The Pest society

Peter Adamis Abalinx 4 December 2016

In life we come across many types of pests that infest our environment. They come in all shapes and sizes, colours of the rainbow, smelly, dirty, bright, dark, ugly and in some cases beautiful pieces of art that one wonders how in heavens name can such a beautiful creature become a pest.  A copy of the article may be downloaded by clicking on: THE PEST SOCIETY

On the other side of the coin we have what I call the invisible pests, the ones are constantly hanging around like a bad smell, feeding on and off the carcasses of dead animals like the carrion that they are. Yes they could be buzzards, hyenas, vultures, jackals perhaps and who knows they may even come in human form.

Yesterday I had a strange encounter of the latter, the human pest who is also a known key board warrior, who is nothing but a worm, known for being a miserable little bastard to say the least. Fit only for crocodile meat.  I had this strange mobile text full of bravado, threatening me if I did not stop exposing him to the world for the little pest that he is. Well I have news for him and his “Louie the fly” mates. I will not use mortein to eradicate this pest from the environment but use subtle means of extermination. They do say that you can skin a cat in more ways than one, but how does one skin a pest that has the brain power of a worm.

Well I thought I had better write an article about pests in our environment and given them new scientific names that best describe their character. If readers can provider better descriptions, I am more than happy to oblige. Mind you I must keep to using Greek to describe them on a scientific basis and keeping in line with normal and expected paradigms. There are 13 new species that have been catalogued according to their status and longevity within the confines of the Pest society.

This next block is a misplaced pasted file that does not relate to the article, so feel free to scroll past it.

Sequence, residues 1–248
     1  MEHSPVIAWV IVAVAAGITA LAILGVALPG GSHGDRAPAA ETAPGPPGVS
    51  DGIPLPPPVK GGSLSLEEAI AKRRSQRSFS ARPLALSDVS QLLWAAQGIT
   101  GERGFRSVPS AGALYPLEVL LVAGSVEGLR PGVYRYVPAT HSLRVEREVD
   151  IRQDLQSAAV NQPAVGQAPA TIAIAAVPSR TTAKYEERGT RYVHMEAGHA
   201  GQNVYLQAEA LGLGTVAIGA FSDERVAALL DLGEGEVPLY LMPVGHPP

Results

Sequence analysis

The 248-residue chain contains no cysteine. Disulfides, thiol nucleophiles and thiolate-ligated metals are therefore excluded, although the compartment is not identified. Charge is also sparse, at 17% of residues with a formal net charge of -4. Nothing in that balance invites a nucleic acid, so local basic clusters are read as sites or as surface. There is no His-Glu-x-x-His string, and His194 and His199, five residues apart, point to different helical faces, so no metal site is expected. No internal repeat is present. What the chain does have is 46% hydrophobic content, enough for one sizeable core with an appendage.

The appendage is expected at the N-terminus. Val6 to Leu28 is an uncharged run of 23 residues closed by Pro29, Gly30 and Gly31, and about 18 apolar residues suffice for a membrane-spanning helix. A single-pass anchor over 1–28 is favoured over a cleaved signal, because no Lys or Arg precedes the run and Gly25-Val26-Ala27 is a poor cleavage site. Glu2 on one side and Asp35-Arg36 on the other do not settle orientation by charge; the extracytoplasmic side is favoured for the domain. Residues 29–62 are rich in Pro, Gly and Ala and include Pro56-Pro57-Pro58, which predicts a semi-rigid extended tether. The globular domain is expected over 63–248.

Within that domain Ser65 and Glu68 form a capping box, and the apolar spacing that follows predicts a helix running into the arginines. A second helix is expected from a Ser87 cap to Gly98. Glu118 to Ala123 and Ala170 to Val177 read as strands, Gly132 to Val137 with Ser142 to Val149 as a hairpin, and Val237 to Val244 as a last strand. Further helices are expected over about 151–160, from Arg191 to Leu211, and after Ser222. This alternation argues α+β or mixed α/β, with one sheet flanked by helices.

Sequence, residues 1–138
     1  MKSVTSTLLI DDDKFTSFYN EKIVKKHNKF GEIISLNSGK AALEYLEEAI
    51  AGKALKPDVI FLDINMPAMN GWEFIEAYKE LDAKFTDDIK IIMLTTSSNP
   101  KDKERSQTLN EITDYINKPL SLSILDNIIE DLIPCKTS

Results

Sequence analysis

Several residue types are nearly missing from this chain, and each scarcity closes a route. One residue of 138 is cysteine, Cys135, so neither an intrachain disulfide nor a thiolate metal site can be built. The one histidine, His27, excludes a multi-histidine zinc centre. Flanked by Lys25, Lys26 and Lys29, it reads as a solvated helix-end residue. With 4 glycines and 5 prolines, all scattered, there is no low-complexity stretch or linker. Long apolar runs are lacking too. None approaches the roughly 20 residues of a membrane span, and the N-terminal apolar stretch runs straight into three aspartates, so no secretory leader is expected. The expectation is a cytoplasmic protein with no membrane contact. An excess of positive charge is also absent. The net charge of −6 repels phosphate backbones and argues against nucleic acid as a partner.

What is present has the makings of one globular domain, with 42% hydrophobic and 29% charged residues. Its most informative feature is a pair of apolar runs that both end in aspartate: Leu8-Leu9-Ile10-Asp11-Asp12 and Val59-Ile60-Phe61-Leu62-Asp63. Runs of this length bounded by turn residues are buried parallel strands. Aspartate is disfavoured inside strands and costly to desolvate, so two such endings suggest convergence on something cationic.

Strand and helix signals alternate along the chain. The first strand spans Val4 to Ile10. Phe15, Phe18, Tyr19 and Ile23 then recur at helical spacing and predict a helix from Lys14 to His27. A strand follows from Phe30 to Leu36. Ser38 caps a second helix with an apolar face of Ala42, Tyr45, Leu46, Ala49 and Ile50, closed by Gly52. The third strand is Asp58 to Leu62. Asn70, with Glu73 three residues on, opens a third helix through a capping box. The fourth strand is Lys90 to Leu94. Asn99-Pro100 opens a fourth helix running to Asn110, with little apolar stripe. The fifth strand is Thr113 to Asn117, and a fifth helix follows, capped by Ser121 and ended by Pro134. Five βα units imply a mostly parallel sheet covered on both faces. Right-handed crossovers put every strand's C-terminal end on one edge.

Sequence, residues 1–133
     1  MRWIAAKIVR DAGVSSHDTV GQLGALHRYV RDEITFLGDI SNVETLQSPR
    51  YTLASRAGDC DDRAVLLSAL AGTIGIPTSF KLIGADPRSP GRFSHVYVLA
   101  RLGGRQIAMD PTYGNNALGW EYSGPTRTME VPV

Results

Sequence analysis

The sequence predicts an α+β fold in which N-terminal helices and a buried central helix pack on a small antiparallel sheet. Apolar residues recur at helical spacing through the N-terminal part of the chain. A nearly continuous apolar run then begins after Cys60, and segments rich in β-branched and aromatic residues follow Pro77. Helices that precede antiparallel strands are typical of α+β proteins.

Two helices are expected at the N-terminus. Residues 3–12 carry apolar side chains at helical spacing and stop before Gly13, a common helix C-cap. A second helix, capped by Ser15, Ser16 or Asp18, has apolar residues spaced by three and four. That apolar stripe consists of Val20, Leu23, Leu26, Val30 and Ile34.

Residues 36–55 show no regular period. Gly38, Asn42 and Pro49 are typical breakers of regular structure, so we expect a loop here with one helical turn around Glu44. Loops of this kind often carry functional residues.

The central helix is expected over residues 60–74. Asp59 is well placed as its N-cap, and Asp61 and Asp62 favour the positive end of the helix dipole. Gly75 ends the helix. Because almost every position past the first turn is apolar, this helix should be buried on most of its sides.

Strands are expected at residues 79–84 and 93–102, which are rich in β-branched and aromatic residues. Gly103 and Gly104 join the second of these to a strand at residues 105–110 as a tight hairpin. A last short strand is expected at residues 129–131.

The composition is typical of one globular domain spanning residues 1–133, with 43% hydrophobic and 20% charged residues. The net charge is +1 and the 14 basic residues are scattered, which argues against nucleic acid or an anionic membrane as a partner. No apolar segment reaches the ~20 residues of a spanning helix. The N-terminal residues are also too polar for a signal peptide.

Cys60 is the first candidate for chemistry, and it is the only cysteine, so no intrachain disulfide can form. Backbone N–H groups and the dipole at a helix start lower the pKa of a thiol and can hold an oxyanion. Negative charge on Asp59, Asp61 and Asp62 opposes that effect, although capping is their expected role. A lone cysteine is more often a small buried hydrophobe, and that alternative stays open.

Well there we have it. A whole new field of bugs with the exception of the rat who is synonymous with a variety of pests found today in our environment. For me it has been fun in being able to draw similarities with today’s world and that of a make believe one. As I stated earlier, there is more than one way to skin a cat.  This is but one of them. I am sure readers have better things to do than read the article above.

Disclaimer.   Any similarities to live bugs, grubs, pests, animals or humans is purely coincidental. No bug, grub or animal was harmed during the making of the article and humane Photoshop techniques were utilised under observation by inspectors.  Please contact the author if identification of the bugs in real life can be confirmed. Only qualified academics may apply.

As always, apologies to purists for my poor grammar and savagery of the English language. I wish you all well and hope that this article does not cause ambiguity in the minds of those who read it.

Peter Adamis is a Journalist/Social Media Commentator and writer. He is a retired Australian military serviceman and an Industry organisational & Occupational (OHS) & Training Consultant whose interests are within the parameters of domestic and international political spectrum.  He is an avid blogger and contributes to domestic and international community news media outlets as well as to local and Ethnic News.  He holds a Bachelor   of Adult Learning & Development (Monash), Grad Dip Occupational Health & Safety, (Monash), Dip. Training & Assessment, Dip Public Administration, and Dip Frontline Management. Contact via Email: [email protected]

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